HOW-TO GURU: Apply to colleges
Transfer credits, application fees and deadlines are on a lot of Palomar College students’ minds at the moment. After spending at least two years at Palomar, the transition to a four-year university can be a confusing one. Although I can’t fill out your application for you, here are a few helpful tips to make the process run a little smoother.
First things first, you have the university that you want to apply to picked out right? If not then you have a tad more work to do. Once you picked your dream school, it is time to start applying..
The Fine Print
Check the university website. Generally all of the required forms are listed under the transfer website. Make sure that you are aware of all the deadlines and submission dates. As found on ehow.com, make sure that you have all the proper paperwork filled out and submitted, preferably a while before the deadline. Not only will the paperwork include some sort of general application but you may be required to submit an essay as well. If an essay is required, be sure to start the essay well enough in advance so you are able to complete it with enough time to double check for errors.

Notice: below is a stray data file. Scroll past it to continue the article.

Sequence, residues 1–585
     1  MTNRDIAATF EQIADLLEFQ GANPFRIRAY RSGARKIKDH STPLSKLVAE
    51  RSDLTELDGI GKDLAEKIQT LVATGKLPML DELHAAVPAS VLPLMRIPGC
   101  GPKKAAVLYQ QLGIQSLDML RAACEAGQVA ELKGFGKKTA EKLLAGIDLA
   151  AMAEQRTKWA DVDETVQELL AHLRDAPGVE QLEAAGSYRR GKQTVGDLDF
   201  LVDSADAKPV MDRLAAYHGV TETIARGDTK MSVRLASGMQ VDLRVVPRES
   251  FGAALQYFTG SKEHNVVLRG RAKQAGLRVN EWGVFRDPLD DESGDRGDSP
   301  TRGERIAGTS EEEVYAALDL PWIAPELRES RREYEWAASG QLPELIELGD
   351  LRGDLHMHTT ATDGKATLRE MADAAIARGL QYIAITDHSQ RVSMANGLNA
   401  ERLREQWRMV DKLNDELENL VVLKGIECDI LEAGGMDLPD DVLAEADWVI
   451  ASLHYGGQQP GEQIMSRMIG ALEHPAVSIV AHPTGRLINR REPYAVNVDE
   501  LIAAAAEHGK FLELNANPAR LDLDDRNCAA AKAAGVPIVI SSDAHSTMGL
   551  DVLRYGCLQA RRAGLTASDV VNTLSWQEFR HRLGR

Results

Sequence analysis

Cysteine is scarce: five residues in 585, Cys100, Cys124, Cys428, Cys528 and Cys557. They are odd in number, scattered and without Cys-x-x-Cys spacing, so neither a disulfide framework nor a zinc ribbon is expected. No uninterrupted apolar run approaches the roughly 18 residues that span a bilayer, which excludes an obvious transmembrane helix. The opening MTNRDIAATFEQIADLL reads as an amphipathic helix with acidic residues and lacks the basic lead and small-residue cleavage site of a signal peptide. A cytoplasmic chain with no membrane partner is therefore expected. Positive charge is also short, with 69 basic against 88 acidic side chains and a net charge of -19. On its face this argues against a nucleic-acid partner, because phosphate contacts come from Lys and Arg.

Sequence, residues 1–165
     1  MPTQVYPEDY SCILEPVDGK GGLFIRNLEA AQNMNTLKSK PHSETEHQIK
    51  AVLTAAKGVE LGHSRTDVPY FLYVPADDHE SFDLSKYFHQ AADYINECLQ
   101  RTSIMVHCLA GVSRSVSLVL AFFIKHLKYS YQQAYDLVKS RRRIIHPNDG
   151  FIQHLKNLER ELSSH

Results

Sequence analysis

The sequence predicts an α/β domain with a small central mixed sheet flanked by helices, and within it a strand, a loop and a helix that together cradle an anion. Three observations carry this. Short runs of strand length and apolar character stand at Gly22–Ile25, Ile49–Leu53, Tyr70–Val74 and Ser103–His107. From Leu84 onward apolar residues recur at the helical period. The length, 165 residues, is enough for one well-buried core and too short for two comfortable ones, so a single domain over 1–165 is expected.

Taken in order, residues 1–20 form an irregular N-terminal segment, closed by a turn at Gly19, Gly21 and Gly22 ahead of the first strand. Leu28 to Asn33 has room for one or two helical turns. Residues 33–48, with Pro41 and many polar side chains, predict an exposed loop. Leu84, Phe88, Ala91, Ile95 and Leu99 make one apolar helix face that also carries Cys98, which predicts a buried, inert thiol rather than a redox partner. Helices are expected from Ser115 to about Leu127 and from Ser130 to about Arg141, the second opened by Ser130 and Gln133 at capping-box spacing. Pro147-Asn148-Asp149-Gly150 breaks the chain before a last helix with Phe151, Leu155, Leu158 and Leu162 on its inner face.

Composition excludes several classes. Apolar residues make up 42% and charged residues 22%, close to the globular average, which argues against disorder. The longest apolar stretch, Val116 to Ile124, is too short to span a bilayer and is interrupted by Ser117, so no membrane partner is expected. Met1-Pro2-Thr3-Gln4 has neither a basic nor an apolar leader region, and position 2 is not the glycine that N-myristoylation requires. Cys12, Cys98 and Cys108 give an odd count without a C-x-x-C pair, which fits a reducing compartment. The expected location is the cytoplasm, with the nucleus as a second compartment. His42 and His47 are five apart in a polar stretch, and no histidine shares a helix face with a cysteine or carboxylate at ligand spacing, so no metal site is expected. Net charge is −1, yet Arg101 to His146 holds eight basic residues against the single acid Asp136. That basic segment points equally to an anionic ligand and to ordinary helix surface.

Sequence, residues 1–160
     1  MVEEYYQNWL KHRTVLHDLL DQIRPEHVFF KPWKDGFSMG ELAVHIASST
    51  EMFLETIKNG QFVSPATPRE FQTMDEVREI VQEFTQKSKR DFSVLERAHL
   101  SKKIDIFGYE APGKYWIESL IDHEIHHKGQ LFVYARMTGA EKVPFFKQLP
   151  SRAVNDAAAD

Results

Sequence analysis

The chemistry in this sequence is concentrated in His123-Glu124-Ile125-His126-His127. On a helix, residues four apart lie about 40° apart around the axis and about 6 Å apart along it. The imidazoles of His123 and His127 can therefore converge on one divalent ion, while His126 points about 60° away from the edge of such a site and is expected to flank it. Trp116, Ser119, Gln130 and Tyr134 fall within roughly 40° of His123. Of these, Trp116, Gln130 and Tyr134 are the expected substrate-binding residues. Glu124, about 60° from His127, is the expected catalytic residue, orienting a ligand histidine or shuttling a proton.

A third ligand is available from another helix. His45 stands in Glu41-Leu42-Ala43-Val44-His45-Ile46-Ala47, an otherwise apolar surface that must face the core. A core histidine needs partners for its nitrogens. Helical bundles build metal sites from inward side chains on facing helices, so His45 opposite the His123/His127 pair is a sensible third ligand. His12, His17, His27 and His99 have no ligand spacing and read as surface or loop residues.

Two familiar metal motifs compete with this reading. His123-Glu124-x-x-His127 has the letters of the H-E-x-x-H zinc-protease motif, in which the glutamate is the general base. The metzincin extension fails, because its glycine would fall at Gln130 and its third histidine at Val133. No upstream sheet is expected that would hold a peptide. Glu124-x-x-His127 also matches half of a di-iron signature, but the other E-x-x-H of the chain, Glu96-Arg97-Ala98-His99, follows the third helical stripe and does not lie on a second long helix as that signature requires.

Credit for Credits
There is no way to transfer without those lovely little things called credits. On csumentor.edu one of their main points on transferring is to closely check that all of the credits you have earned are in fact transferable. This means looking at your course catalogue for Palomar and see if they match up with the transfer requirements for your dream school. The worst thing that could happen would be if you worked hard all those semesters and found out those last few needed credits weren’t compatible with your future school.
When applying to transfer to another university, you should have had enough time to figure out which school you really want to attend. While you should aim for getting into that dream school, with requirements being so tough, it is best to have a backup.
In a study found on howtogetin.com, the site shows that Harvard turns down 93 percent of its applicants. Although Harvard may not be the school for you, there are over 6,000 colleges in the United States, so be sure to pick more than one.